13 May 2016, The Age offices, Melbourne, Australia
Thirty-five years ago, a 17-year-old from Kangaroo Ground arrived at The Age to be interviewed by three of the heavyweights of Australian journalism: Creighton Burns, Peter Cole-Adams and Cameron Forbes.
He was quietly confident, having been dux of humanities at Ivanhoe Grammar, where he was also school vice captain. Spelling and grammar were no problem and an interest in current affairs was his strong suit, but it didn’t go well.
He didn’t make the second round.
Paul may care to expand on the idiosyncratic nature of that encounter when he responds, but suffice to say he did better at Flinders Street where Bill Hoey was the interviewer (Bill, incidentally, had interviewed me a few years earlier and I didn’t get past first base).
A few months later, Paul Austin started his career in journalism as a cadet on the Melbourne Herald and in the next 35 years he did it all: covering state politics, being Sydney correspondent, joining The Australian and covering two federal elections, being national news editor and deputy editor before coming here in 1995.
Paul performed a wide range of roles here, too, including being deputy editor, breaking big state political stories, writing terrific features and sharp analysis and columns, but it’s fair to say his passion was editing the opinion pages and that was fortuitous for many Age writers, myself included.
As Shaun Carney puts it:
“As a columnist, you have an idea of the perfect editor. That editor always has time for you, listens to your ideas, engages with them, tests them. He never hassles you about filing late. He always welcomes your copy when he gets it. He reads your copy finely, checks it for logic and language, always improves it. He consistently makes you look better than you are. For many of the years I wrote the Saturday politics column for The Age, I never had to daydream about what it would be like to work with an editor like that because I had that perfect editor. His name was Paul Austin.”
In recent years, Shaun shared the role with Sushi, whose professionalism, rigour and contribution we also honour today.
I’d like to share some of what Sushi had to say about Paul over lunch the other day:
“It’s been a delight to work alongside someone so clear-eyed and empathetic. You’re a great listener and you see gaps in an argument where others don’t. You never approach anything by asking: do I agree with that. You always start from: is this a strong argument. You’re a thinking editor. You may be a man who holds his cards close to his chest, but when you play your hand, you play if deftly.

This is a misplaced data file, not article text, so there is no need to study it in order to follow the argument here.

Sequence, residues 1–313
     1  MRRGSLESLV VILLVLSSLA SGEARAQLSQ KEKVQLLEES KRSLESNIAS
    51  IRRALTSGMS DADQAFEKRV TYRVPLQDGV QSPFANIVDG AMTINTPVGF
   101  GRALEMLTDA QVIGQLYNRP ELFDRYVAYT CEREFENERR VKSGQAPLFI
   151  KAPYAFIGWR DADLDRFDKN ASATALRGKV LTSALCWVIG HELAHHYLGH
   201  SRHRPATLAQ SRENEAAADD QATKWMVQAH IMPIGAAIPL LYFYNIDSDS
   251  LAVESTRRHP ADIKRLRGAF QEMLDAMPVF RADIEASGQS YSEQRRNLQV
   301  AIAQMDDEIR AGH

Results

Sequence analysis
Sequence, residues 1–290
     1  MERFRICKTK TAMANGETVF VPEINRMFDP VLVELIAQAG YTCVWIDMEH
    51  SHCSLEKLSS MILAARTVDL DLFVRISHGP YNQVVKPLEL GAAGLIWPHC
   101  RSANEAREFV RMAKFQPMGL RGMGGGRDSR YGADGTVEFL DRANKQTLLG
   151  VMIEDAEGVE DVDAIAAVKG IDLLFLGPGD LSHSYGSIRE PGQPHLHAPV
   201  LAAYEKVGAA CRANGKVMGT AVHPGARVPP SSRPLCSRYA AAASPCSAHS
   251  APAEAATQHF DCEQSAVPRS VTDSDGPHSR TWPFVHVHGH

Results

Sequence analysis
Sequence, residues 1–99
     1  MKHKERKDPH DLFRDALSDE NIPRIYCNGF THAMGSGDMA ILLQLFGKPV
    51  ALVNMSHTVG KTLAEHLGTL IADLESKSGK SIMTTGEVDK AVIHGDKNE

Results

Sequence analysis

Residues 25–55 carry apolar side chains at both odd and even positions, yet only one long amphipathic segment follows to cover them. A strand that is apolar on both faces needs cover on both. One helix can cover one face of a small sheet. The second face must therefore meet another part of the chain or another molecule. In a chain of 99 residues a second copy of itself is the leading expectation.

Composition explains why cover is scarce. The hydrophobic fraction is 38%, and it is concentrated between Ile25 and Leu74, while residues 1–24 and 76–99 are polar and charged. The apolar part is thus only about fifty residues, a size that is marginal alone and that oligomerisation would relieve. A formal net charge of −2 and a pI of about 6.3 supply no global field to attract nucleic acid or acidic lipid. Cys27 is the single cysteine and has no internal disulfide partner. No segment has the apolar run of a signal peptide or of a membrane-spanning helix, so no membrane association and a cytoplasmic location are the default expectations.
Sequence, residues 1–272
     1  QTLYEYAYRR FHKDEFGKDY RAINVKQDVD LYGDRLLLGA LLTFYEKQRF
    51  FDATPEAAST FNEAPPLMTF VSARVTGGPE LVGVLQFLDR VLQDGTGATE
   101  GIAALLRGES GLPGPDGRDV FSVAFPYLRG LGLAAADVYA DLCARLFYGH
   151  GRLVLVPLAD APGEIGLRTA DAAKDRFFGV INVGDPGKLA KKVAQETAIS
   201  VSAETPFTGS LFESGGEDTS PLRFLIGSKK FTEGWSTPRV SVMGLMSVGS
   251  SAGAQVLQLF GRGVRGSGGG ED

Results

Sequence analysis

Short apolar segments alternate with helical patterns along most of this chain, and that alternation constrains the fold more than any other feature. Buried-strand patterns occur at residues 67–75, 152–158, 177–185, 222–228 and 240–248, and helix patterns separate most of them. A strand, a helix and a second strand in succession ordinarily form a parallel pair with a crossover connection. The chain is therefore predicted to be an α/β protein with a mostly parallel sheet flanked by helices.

You have been a rock all these years offering guidance and friendship. And whenever doubt has crept into my mind, you’ve always been there to dissect, analyse and assess then issue your verdict. Not to mention the reassuring way you always say: CORRECT.”
Paul, you have also been a terrific mentor to many Age reporters, including Josh Gordon, who says:
“When I started in state rounds not long after the 2010 election one of the most daunting things was the thought of stepping into Curly's shoes. The man had a formidable reputation. Paul was inscrutable. Politicians almost feared his approval, because it meant the next week he come back and hit them over the head twice as hard. Never gratuitously, but always with a level of clarity, insight, incisiveness, calmness and logic that is held up as a benchmark in political journalism to this day. And because of this it had all the more impact.
He carried this into his work on the opinion page. If ever bereft of an idea, or searching for a punchline to a column, all you need do is phone up curly. He was always so generous with his ideas, perhaps because they came to him so effortlessly and gracefully.”
Another protégé is Rich Willingham, who says:
"Curly was an excellent mentor when I was a trainee during the 2010 state election and helped push me into the political world.”
And then there is me. Paul, you have been a valued colleague, a constant source of sage advice, a great friend and, most of all, a tremendous support these last couple of years.
Thirty-five years after it all began, a new journey is about to begin and, in a sense, you are walking out the door with the same emotions swirling around as when you arrived as a 17-year-old boy: anticipation, fear, nervousness and, most of all, excitement.